Report from Ken
N 46° 24.77'
W 123° 56.40'
Mary, John and myself left Tacoma at the crack of noon for
Long Island, Willapa Bay. Because the tide height is such a
critical element of any kayak trip in this area, and because
the low was scheduled to occur right in the middle of the
day, there was no point in getting an early start. (Which
didn't seem to bother anybody.)
Lewis Slough, just before sunset
2005 Azimuth Expeditions. All rights reserved
After getting on the water at the boat ramp just across from
the island, we traveled counter-clockwise around, staying as
close as we could to the lush, green shore. The tide was
rising and the mud that characterizes this area was quickly
being covered by the incoming seawater, so we were able to
get up and into some of the sloughs that dominate the
northeastern side of Long Island. Sawlog Slough was our
first route-finding adventure, winding our way through the
green passages of marsh grasses and reeds toward the
campsites that are tucked up into the woods deep in the
backwaters. We didn't stop here though; we were headed a
little further up.
Lewis Slough is larger than Sawlog, and the intricate
waterways are home to a wide array of wildlife. Almost at
the tip of the island, at the western edge of Lewis Slough,
was where we were planning to spend the night. The Lewis
Slough campground consists of 3 heavily grassy campsites, 2
malodorous outhouses and a view across the slough down the
top coast of Long Island. We made shore at about 7pm and set
up camp before the light faded.
In the morning, we left the camp on foot to walk the trails
and old logging roads down-island. Our goal was to make it
to a grove of ancient cedars that remain on the island, but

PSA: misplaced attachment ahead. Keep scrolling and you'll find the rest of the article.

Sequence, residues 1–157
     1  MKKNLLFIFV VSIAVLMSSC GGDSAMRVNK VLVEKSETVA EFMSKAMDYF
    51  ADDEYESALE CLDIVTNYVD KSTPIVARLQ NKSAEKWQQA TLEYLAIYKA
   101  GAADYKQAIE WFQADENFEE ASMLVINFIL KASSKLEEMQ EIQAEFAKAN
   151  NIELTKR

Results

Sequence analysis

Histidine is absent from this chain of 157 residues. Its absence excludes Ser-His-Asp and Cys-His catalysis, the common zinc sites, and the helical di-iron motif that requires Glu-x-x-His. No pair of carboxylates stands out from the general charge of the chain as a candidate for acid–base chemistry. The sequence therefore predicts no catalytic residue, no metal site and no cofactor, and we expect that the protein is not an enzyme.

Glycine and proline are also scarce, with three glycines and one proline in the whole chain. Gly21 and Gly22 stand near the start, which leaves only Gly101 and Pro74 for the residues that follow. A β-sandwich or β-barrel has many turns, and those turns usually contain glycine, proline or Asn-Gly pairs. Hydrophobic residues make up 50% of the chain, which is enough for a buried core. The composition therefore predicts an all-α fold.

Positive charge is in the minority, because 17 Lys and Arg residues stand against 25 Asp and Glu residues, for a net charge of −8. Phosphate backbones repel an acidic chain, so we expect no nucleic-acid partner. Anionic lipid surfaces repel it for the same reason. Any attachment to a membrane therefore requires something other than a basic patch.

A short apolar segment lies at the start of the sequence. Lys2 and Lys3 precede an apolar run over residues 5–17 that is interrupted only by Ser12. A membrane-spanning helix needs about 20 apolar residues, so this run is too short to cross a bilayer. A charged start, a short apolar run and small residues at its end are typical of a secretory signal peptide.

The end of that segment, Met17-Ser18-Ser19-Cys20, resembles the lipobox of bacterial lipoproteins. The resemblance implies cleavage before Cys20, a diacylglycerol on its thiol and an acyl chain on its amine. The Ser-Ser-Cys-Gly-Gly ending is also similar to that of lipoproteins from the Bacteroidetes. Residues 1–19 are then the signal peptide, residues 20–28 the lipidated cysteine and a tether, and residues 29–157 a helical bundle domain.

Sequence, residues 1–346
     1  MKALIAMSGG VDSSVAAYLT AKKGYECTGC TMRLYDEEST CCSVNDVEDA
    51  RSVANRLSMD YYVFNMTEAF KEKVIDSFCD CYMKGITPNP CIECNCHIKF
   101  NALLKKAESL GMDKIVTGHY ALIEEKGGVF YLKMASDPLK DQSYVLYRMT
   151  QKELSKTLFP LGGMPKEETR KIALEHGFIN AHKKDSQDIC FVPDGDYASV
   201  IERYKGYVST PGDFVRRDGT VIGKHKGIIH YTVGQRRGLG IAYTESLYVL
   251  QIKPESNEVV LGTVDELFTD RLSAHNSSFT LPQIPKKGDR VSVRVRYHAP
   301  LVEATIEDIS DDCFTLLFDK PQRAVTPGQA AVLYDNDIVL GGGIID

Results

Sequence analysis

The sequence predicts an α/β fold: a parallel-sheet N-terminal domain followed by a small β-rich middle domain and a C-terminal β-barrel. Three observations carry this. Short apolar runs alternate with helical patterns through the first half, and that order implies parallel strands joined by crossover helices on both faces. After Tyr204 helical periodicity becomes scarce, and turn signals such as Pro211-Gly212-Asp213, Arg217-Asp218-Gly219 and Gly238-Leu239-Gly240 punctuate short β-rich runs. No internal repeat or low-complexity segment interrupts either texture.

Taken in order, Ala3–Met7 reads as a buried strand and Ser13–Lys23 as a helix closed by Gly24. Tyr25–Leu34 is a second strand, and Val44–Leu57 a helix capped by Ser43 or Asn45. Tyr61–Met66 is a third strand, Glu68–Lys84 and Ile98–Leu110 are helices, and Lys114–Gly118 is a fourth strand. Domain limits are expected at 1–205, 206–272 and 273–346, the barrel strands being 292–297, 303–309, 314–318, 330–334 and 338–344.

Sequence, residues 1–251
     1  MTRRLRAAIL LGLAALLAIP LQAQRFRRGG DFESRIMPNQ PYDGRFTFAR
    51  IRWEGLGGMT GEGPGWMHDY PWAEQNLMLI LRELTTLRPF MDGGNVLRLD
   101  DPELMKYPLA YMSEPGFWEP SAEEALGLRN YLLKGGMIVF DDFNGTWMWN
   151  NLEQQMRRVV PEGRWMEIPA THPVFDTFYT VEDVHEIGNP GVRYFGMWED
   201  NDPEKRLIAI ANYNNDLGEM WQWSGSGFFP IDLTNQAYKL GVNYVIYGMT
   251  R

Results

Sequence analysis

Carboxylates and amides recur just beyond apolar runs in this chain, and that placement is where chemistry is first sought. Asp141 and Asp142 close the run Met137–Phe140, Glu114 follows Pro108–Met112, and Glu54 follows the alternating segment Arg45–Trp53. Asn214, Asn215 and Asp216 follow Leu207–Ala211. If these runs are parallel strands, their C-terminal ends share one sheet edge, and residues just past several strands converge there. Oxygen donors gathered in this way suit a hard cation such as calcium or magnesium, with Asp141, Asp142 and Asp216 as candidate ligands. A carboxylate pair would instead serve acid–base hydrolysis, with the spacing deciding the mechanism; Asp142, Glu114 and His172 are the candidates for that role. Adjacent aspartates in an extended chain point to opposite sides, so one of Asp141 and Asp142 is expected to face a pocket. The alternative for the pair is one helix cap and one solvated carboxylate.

with a late start and a pace suited to a Sunday outing, we
only got as far as the Sandspit campground, about 4 miles
away. In retrospect, we probably could have made the grove,
but we needed to time our return to get off the island on
the evening's high tide, so we erred on the side of caution.
(The Grove of the Ancient Cedars is a magnificent spot,
however. We've been there on other occasions and it's well
worth the time it takes to get there. Closest point for
kayakers to land and take the hike into the grove is the
Smokey Hollow Campground, not too far from Sandspit.)
Along the path, we came across ample bear sign, not just
scat in the trail, but areas of significant tree scratching.
In one part, there must have been hundreds of small trees
that bore the scars of bear claws in their bark. Didn't see
any bear though. We did come across a porcupine, quills
standing at attention as he trundled off into the forest
cover to get away from us. And, at many points along the
way, we encountered Rough-skinned newts in the boggy ground
at our feet, doing their best to waddle their way from one
side of the trail to the other.
Coming out to the beach at Sandspit was like exiting a long
green tunnel into daylight. The wide-open space of the bay,
with the Long Beach Peninsula lying across the expanse of
mud and water felt so big, compared with the trail we'd been
hiking for the previous two hours. We shared lunch at the
Sandspit campground, enjoyed the view, then got back on the
trail for the return trip.
To get back on the water required getting messy. Very messy.
We didn't have the time to wait for absolute high tide, so
we started our put-in a bit early, about 6:45pm. Carrying
our fully-loaded boats across the mudflats to the water
proved to be a sporting proposition, and although nobody
actually fell, it was a lot like skating day in Hell. When
we actually got floating again, and headed back to our
starting point, it felt like redemption.
Elk were feeding in the flats as we took our boats out of
the water, just ahead of the approaching rain. The trip had
been a short one, but still well worth the effort. Long
Island is a place of great natural beauty and an outstanding